Tuesday, May 29, 2012

Review: Sara Bareilles, Once Upon Another Time EP

Two years after the release of her third and strongest full-length album, Kaleidoscope Heart, Sara Bareilles has come out with five-song EP Once Upon Another Time.  It was produced by her friend Ben Folds.  The first thing I noticed was that she has been working on her vocals, most evident on the first two tracks: more of a belting-it-out, R&B style.  She certainly has the vocal capacity to pull it off, but that's a direction I did not anticipate.

Of making an EP as her next move, Sara explains to American Songwriter, "I knew I wanted to take some time off between my records and I wanted my fans to have some new music to tide them over.  An EP is especially great because there's less pressure than with a record, so it's a good place to explore and play creatively without feeling like it will define my next career move."  She goes on to say that "I wouldn't say this EP has a very concrete thread running through it.  It's really about picking a collection of songs that I loved."

The title track, which is the opener, is largely a cappella.  Sara notes that it "is really about loss of your childhood and letting go of your past, and that's a part of my life right now, a journey I feel like I'm on.  It felt befitting to name the album that."  "Stay" also showcases her vocals.

"Lie to Me" is a lively track, both in in its instrumentation (including strings) and lyrics:  "Run your mouth/I bet I can catch it/You sound just like a Judas."  Sara says of the song, "I actually write kind of mean lyrics, but usually wrapped up in a sunny song.  For awhile I was having fun with that juxtaposition, but 'Lie to Me' is a bit more direct.  It sounds like what it means.  It's experimentation, finding new ways to express what I was trying to say."

"Sweet As Whole" unleashes her cheeky, foul-mouthed side.  It recalls Cee Lo Green's "F*** You," which Sara loves and sings on tour:  "I wish I wrote that song.  I just think it's so ballsy, and brash, and I absolutely love it.  It's awesome."

"Bright Lights and Cityscapes" is a ballad that is right on par with her best ones such as "City" and "Gravity."  She describes it as "a very emotional performance.  When I listen back to that vocal take, I don't hear my best singing and I get self-conscious about that.  But Ben was adamant about getting a take that had a lot of emotion, and he was right:  I was sitting in the piano room crying while singing, and he's the one who made me keep that on the record."  That was a good move, because this is the Sara that resonates most with me and likely many others as well.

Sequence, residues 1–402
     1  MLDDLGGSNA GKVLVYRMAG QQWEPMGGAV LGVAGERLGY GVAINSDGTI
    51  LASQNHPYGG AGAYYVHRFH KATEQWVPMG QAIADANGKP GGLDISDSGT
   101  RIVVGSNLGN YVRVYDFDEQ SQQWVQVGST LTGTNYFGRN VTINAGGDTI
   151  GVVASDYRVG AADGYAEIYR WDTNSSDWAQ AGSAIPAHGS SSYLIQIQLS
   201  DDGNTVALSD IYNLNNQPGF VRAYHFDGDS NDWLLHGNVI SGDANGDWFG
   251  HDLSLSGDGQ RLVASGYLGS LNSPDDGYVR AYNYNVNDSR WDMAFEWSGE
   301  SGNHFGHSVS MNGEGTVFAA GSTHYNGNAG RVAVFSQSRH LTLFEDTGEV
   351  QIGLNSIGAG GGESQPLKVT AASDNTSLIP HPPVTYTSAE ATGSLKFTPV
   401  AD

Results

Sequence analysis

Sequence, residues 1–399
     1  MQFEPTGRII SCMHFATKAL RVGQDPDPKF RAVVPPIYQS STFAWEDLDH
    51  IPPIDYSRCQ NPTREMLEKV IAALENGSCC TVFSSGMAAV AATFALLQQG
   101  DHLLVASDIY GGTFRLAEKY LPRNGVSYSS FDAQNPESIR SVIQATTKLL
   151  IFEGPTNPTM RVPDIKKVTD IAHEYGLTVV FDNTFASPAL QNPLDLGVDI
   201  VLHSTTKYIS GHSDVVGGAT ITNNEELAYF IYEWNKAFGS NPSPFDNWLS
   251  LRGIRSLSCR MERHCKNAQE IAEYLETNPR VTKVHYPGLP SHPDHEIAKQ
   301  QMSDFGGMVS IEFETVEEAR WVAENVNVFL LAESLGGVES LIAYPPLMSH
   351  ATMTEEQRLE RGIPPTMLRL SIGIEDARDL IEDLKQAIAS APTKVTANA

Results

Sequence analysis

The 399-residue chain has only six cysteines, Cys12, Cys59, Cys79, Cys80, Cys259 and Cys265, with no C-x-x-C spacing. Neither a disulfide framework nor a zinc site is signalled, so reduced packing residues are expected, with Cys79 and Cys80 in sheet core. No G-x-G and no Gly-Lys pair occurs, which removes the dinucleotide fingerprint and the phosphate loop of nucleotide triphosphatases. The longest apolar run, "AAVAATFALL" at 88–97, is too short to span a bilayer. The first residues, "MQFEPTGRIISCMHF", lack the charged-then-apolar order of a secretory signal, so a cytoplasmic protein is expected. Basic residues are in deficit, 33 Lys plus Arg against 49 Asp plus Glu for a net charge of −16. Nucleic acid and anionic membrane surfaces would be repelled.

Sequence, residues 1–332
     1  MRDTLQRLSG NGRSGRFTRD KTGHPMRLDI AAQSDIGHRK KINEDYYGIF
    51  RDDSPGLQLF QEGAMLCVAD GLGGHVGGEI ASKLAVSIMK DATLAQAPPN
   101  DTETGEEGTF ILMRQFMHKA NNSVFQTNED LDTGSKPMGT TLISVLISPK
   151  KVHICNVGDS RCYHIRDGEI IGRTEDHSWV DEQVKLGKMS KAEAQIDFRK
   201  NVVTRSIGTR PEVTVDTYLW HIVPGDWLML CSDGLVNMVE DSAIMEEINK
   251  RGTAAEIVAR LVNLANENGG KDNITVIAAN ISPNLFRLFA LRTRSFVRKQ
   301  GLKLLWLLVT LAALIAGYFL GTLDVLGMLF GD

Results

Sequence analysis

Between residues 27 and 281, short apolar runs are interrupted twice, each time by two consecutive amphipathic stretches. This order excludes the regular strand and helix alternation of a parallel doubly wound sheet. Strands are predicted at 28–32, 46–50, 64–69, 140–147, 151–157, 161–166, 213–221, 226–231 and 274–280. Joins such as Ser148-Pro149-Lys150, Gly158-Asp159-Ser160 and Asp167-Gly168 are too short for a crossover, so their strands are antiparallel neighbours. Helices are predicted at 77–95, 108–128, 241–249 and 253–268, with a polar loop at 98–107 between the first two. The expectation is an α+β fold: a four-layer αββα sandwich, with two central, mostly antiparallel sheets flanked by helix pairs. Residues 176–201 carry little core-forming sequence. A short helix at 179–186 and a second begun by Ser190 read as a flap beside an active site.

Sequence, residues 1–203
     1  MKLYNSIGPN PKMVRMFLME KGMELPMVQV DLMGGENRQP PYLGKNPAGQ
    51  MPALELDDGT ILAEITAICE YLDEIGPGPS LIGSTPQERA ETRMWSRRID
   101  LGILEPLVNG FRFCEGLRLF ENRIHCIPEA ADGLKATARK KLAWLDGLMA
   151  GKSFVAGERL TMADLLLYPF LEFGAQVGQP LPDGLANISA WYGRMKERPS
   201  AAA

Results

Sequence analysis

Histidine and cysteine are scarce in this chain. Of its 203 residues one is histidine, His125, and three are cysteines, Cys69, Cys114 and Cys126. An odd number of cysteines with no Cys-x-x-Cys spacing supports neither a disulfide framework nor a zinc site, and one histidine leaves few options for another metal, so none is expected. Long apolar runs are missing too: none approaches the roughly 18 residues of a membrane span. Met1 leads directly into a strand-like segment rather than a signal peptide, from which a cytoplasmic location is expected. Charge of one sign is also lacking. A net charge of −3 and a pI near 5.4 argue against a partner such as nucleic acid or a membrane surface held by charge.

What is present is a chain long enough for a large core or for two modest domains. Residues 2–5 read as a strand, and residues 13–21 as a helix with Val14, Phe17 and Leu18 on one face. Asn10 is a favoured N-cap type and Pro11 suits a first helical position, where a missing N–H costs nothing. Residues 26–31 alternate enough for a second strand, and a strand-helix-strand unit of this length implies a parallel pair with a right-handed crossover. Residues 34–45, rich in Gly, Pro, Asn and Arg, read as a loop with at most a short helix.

Rating:  3 out of 5 stars

Nuggets from the CLA conference

I attended the Connecticut Library Association conference for the first time on May 7th and 8th.  It was held in Groton.  In the past I've been to conferences for the New Hampshire and Massachusetts Library Associations.  Nuggets:

With the right leadership and creativity, your program attendance can increase substantially, even in the face of cut funding.

Holding programs in a series is a good way to generate excitement.

Incorporate programs that bring in a harder-to-reach demographic:  gardening and fishing programs can draw middle-aged men, and a program on how to win at blackjack can reach a younger male demographic.

Evaluation and assessment are buzzwords relating to both programming (things that may have worked in the past may not be working anymore) and interlibrary loan (how much is happening in this area?).

The Rethinking Resource Sharing Initiative is independent of the American Library Association's RUSA-STARS, the interlibrary loan subgroup.  The Initiative has developed a useful checklist of best practices in interlibrary loan.

Everyday leadership means putting yourself in challenging situations; gaining fellowship (one's title is not enough); and is a conscious action.  It also connotes conducting daily interactions with consistency and integrity.

Start asking questions like the head of an organization.  Be a generalist; know it all.

Wednesday, May 16, 2012

Review: Jack White, Blunderbuss

Jack White's first solo album comes a little over a year after the announced breakup of The White Stripes, his best known band.  He subsequently cut two albums apiece with very different projects The Raconteurs and The Dead Weather.  It was expected that White would strike out on his own, but he was reluctant to do so.  In fact, Blunderbuss came into being rather accidentally after RZA (of the Wu-Tang Clan) didn't show up for a studio session and White used the time to develop his own material.  Blunderbuss hit the Billboard charts at #1, a first for White.

The best track may be "Hypocritical Kiss," with rollicking piano and lyrics like "I want names of the people that we know that are falling for this" and "You would sell your own mother out/And then betray your dead brother with another hypocritical kiss."  The album includes one cover, a Little Willie John song, "I'm Shakin'," with a spirited chorus of female backup singers.

Blunderbuss channels the sound of The White Stripes more than that of his other groups.  A likely reason is that The White Stripes was more his brainchild than either of the other, more populous bands were.  Still, the sound of Blunderbuss is more rock and roll and less garage band than the music of The White Stripes.

Rating:  4 out of 5 stars